Getting Ready for Reclaim Open

I’m sitting in Zurich airport preparing to return to the motherland for Reclaim Open after celebrating 20 years of marriage to my special lady friend. Lisbon was amazing, and life continues to be a gift with Antonella, I’m a very lucky man. It was our first time visiting Lisbon, and that city’s attractions are like something out of an amazing Dungeons and Dragons map, I really loved it.

But that is just one of the many anniversaries—albeit by far the most important—that are happening this year. I celebrated 10 years off the sauce, WordPress turned 20 years old last month, the world wide web went open 30 years ago in April, and next month Reclaim Hosting gets its double-digit wings by  turning 10 years old in July—which is insane. Next week we kick off the celebration with our bi-annual conference re-framed as Reclaim Open, which will find many of the original DTLT crew back at the University of Mary Washington.

Reclaim Open at UMW from June 5-7, 2023

I’m really excited for this event, especially given this conference is going to be fairly small and focused. We’ll be lucky if we get 50 people all told. And all those attending represent a community of folks that still believe in the possibilities of the open web for education, and I count myself a proud member of this shrinking club. In fact, that was the take-away for me from OER23 in April, that re-connecting and re-committing to the work open ed techs do is crucial. It’s work I love, work I believe in, and work that has never been more important. We’re a motley crew strewn across the globe here and there, but for a few days Reclaim Open will bring together a handful of those mutants for a celebratory meeting to help us remember what it is we do and why—especially in the wake of the pandemic.

What’s more, while we’ve tried to keep it on the down-low given Reclaim hates to over-promise and under-deliver, the the official event (everything but the un-confernece) will be accessible remotely. We’re using our watch site setup discussed in my last post about karaoke to play with a hybrid conference delivery setup, and we plan on streaming all sessions and managing the online conversations through Reclaim Hosting’s Discord server. We can even stream out the Tuesday night karaoke from Reclaim Arcade! So in many ways the conference will be an exploration of how we can deliver an effective hybrid event, and it will be freely accessibly during the conference as well as throughout the month of July when we transition the sessions from the in-person conference to a fully online, month long 10-year anniversary celebration.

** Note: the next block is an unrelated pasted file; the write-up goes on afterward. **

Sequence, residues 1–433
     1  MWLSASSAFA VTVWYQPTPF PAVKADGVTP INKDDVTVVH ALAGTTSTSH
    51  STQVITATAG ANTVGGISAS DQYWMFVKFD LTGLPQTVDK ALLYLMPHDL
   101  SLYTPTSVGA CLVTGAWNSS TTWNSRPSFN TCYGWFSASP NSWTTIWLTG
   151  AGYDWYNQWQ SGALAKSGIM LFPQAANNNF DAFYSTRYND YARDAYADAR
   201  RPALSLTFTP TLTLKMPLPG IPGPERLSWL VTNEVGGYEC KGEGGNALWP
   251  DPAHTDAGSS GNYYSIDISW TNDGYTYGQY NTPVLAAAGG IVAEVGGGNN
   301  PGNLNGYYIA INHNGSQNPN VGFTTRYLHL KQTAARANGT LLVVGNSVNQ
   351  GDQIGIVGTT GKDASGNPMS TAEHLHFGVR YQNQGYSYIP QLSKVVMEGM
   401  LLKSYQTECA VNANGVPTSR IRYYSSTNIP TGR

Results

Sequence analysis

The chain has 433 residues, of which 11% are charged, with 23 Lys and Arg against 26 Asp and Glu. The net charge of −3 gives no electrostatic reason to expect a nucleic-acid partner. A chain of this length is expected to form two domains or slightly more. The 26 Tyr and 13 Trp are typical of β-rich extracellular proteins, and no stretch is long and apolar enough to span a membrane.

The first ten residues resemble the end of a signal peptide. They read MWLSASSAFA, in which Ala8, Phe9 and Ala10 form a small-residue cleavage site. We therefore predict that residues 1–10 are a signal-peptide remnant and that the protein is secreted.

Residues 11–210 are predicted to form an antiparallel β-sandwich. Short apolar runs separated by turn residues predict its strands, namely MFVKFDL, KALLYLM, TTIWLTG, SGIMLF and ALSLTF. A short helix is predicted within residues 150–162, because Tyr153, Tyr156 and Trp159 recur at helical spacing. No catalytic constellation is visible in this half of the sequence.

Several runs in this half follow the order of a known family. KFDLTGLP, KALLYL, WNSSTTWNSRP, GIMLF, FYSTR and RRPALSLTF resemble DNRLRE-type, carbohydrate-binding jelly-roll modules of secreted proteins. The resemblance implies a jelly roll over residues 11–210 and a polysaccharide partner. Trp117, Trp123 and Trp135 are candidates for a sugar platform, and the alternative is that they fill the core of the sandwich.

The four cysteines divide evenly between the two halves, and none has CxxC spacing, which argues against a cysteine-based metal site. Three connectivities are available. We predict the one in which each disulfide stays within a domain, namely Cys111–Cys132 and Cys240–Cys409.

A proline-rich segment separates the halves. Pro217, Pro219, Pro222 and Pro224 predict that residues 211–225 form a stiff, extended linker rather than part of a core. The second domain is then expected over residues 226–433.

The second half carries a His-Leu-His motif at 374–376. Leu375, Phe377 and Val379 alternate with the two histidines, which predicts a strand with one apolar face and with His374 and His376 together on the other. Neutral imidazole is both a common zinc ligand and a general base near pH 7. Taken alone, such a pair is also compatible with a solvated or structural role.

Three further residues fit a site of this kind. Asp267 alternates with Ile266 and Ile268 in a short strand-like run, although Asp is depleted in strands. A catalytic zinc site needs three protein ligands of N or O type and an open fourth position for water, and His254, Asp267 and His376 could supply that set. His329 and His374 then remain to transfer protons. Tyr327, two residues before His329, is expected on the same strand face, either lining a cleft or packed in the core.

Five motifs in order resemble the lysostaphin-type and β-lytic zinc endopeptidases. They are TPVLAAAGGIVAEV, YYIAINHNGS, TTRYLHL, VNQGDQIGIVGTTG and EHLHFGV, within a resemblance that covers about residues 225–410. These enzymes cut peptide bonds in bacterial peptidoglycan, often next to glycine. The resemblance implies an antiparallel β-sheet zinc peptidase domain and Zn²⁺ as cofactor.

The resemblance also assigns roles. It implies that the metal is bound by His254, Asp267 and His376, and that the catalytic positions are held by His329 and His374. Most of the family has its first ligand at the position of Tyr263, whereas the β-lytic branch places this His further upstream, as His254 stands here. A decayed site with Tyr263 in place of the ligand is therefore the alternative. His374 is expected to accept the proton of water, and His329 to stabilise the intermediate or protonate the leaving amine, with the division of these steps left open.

So yeah, I am definitely getting fired up for Reclaim Open, and given it is accessible from anywhere you should be too!

Posted in reclaim, Reclaim Edtech, Reclaim Open | Tagged , | 2 Comments

Reclaim Karaoke at the Rockaway Club

It’s been a little while since I blogged, and that’s due to a combination of factors, including visitors, conference preparation, and a little bit of karaoke experimentation. The last of those will be the focus of this post, cause I’d rather just ….SING!

There have been a bunch of different iterations of karaoke over many years, dating back to the heady days of ds106 in 2011. It started with the idea of Karaoke Friday’s on ds106radio in March 2011, and Tim soon figured out how to bring the magic to The push for online karaoke re-surfaced during the pandemic, in particular as OER20 was forced online and Reclaim wanted to help figure out how to do online karaoke. Tim’s awesome because he’s never satisfied with good enough, and in the following video he talks through the KaraOERke setup for the great OER online conference pivot of 2020.

That KaraOERke session for OER20 was really a lot of fun, and in many ways was the impetus for more karaoke experimentation, not to mention joining forces with ALT for OERxDomains21 (a high watermark of online fun) and ultimately the birth of the “Watch” platform Chahira and I are using for Reclaim Karaoke at the Rockaway Club. It’s a good reminder that all these little fun, seemingly throwaway experiments can lead to amazing things when you have the right people working together for a given time. And it’s always about the people working together, whether Tim, Lauren Hanks, Maren Deepwell, Michael Branson Smith (MBS), Tom Woodward, or Bryan Mathers, magic can happen when folks believe and time and focus allow.